Michael Ferns ILB St. Clairsville, Ohio/St. Clairsville
HT: 6-3 WT: 228
Positional Rank: No. 7 ILB
Stars: 4
ESPN 300 (No. 125)
Under Armour All-American

Wilton Speight QB-PP Richmond, Va./Collegiate
HT: 6-6 WT: 230
Positional Rank: No. 6 QB-PP
Stars: 4
ESPN 300 (No. 133)
Under Armour All-American

Mason Cole OT Tarpon Springs, Fla./East Lake
HT: 6-5 WT: 266
Positional Rank: No. 15 OT
Stars: 4
ESPN 300 (No. 153)

Brandon Watson CB Elkton, Md./Eastern Christian
HT: 5-11 WT: 179
Positional Rank: No. 51 CB
Stars: 3

Freddy Canteen WR Elkton, Md./Eastern Christian
HT: 6-0 WT: 170
Positional Rank: No. 159 WR
Stars: 3

Michigan hosts big visitor weekend 

December, 16, 2013
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Michigan held a big visitor weekend just before the end of the contact period. Hosting most of the 2014 commitments, there were some big questions coming into the weekend.

The biggest came with defensive back commit Jabrill Peppers (Paramus, N.J./Paramus Catholic) who caused an uproar when he tweeted that he would take official visits to other schools after his season.

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Under Armour game storylines: Big Ten 

December, 5, 2013
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The Under Armour All-America game is fast approaching and plenty of participants still have questions surrounding their recruitment.

The Big Ten has quite a few of those recruits in the game, so here is a look at five of the bigger storylines heading into the prestigious game.

Will Jabrill Peppers take visits?


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Recruits feel Michigan-Ohio State rivalry 

November, 27, 2013
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There is no bigger rivalry in the Big Ten than Michigan and Ohio State, two programs with a storied past. Tension and hatred between the schools can be seen and felt on the field, but those bitter feelings also carry over to the recruiting trail.

Both teams recruit similar prospects, so it’s only natural that recruiting battles between the rivals exist. The prospects get to experience what the rivalry is really like off the field during their process.


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With any conference there will always be battles on the recruiting trail within the Big Ten. Coaching changes, different philosophies and geographic location all factor in to who battles who.

Here is a look at the top five Big Ten recruiting rivalries.

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The Weekly Update: Recruiting notes 

July, 24, 2013
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The Weekly Update is a look at recruiting news and notes for Michigan.

MILES BOYKIN


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Summer recruit wrap: Michigan 

July, 23, 2013
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ANN ARBOR, Mich. -- The summer camp season proved to be exciting, as it always is. Here are 10 things we learned through this summer.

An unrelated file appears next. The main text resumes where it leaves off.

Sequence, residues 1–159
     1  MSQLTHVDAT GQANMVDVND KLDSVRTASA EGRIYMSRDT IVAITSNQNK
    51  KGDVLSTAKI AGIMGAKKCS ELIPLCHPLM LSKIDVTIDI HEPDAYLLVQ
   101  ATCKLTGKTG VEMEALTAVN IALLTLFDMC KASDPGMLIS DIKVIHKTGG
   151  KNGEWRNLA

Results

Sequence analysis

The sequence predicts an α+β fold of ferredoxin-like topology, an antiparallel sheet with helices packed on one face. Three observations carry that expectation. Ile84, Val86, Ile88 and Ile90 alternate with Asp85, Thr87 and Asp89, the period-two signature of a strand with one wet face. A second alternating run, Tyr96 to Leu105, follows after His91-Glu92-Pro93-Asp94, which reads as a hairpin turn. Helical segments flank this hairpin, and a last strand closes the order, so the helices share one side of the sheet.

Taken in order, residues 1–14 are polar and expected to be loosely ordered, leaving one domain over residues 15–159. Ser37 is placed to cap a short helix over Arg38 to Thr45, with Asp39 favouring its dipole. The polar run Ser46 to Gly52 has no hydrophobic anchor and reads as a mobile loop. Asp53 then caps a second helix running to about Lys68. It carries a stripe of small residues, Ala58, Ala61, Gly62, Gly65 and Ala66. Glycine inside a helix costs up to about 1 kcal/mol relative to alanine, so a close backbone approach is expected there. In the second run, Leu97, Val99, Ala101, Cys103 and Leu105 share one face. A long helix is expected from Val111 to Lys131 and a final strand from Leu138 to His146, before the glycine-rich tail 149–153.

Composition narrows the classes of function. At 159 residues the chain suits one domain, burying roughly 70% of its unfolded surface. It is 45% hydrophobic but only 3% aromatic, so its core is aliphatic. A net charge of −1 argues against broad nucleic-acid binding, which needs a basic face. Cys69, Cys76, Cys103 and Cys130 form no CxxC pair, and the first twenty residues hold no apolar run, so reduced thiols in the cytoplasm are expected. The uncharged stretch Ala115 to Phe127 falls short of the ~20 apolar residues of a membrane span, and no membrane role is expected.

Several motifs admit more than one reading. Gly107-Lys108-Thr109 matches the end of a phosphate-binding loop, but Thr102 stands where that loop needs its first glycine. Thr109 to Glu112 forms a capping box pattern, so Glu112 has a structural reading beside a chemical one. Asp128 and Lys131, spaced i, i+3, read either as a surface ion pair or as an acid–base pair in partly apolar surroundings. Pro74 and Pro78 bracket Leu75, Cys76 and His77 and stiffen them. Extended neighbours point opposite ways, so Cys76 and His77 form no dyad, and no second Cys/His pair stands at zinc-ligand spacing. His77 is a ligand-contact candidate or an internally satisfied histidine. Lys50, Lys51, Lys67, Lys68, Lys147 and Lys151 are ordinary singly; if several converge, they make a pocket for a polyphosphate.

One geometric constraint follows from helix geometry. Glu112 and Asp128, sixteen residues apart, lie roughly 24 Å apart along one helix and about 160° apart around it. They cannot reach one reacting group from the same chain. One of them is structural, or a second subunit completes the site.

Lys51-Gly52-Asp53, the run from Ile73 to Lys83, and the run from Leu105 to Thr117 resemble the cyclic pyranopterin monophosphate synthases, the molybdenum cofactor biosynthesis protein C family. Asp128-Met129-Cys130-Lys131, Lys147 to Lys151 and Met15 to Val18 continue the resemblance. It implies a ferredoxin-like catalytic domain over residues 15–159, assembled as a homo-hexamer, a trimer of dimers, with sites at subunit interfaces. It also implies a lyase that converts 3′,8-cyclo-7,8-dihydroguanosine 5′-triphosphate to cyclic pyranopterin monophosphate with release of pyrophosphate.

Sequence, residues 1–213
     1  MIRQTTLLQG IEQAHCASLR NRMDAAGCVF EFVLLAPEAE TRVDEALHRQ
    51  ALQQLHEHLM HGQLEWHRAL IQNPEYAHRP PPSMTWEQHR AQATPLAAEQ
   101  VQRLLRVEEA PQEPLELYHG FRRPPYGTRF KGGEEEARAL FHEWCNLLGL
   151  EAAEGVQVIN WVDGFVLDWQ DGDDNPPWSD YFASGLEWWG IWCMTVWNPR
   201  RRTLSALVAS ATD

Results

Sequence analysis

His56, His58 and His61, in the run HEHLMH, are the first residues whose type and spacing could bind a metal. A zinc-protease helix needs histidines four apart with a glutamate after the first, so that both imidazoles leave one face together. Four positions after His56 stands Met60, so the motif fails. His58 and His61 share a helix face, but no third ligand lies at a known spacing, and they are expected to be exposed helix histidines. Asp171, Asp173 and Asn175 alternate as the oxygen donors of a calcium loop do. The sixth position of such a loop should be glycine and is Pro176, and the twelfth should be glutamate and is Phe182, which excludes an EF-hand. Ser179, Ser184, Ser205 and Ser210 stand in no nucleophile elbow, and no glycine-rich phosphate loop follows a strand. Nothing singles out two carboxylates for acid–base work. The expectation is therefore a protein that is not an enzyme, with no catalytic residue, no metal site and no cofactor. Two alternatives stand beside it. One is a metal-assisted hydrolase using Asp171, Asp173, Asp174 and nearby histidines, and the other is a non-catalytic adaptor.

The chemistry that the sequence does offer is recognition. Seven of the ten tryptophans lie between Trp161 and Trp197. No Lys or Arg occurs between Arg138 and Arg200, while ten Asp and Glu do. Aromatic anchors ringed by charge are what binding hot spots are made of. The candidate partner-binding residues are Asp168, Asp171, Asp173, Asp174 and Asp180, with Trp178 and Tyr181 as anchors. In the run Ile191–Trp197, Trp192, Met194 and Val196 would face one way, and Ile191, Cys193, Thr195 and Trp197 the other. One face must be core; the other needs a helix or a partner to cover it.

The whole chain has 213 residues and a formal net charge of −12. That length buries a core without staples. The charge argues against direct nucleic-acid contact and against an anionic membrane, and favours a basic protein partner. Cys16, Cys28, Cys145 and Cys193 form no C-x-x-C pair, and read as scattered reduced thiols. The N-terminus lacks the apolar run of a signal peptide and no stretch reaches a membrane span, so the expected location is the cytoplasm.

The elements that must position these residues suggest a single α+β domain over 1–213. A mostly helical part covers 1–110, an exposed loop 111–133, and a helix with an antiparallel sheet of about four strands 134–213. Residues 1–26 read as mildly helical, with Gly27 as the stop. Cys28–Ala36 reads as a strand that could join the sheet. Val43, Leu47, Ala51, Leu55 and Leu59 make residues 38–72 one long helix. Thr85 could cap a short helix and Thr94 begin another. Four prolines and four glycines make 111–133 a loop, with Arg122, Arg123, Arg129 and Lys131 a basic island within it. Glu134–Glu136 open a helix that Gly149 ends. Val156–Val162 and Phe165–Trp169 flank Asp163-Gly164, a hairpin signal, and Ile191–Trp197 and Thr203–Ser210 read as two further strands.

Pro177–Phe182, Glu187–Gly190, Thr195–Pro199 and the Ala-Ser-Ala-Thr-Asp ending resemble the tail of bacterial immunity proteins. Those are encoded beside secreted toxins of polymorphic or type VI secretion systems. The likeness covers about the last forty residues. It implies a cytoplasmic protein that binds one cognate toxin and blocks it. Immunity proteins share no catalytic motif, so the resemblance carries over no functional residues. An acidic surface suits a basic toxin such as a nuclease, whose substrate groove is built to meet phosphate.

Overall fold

1. Camp will always be a proving ground

The 2014 class will only have about 18 members, so when Michigan headed into this summer’s camp with 10 commitments, it was unsure how many camp offers would really exist (especially considering how many highly-ranked guys had, and still have, interest in Michigan). But for guys like Brandon Watson (Elkton, Md./Eastern Christian Academy) and Freddy Canteen (Elkton, Md./Eastern Christian Academy), camp was all they needed. Their performances there were enough to garner offers. Sooner rather than later, those two turned those offers into commitments. And it wasn’t just true in the 2014 class. Offensive lineman Jon Runyan Jr. (Philadelphia/St. Joseph’s Prep) became the Wolverines' third commitment in the 2015 class after he proved himself at camp and picked up and offer.

2. The barbecue in the Big House is still … big


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When Ohio State battles Michigan for players in the Buckeye state, it doesn’t lose too often. That said, it does happen.

Two of the biggest notables were Heisman Trophy winners Desmond Howard of Cleveland St. Joseph and Charles Woodson from Fremont Ross.


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Fresh Ideas: Linebackers 

July, 5, 2013
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ANN ARBOR, Mich. -- Can a true freshman really contribute at the college level? Is it easier at one position than another? Over the summer WolverineNation has been breaking down the probabilities of playing time and projections of the Wolverines’ freshmen, position by position.

[+] EnlargeGreg Mattison
Lon Horwedel/Icon SMIMichigan DC Greg Mattison will experiment with different combinations at linebacker, which means some freshmen will be in the mix.
What it takes for a true freshman linebacker to play: The linebacker position seems to be a spot in which a true freshman can come in and contribute immediately. With the right combination of physicality, smarts and intensity, a freshman can rely on instinct and his foundation to make an impact on the field. That’s not necessarily the easiest thing to do, especially with defensive coordinator Greg Mattison wanting his linebackers to be more and more physical, but with more advanced strength and conditioning programs in high schools across the country (as well as several prospects working with individual trainers), the physical hurdle -- which used to be one of the highest -- now seems much more manageable.


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ANN ARBOR, Mich. -- Michigan had several areas of need in the 2014 class, chief among them being quarterback and linebacker, largely due to injuries both position groups have suffered. Here’s a look at the top five areas of need and what Michigan has done to address them so far.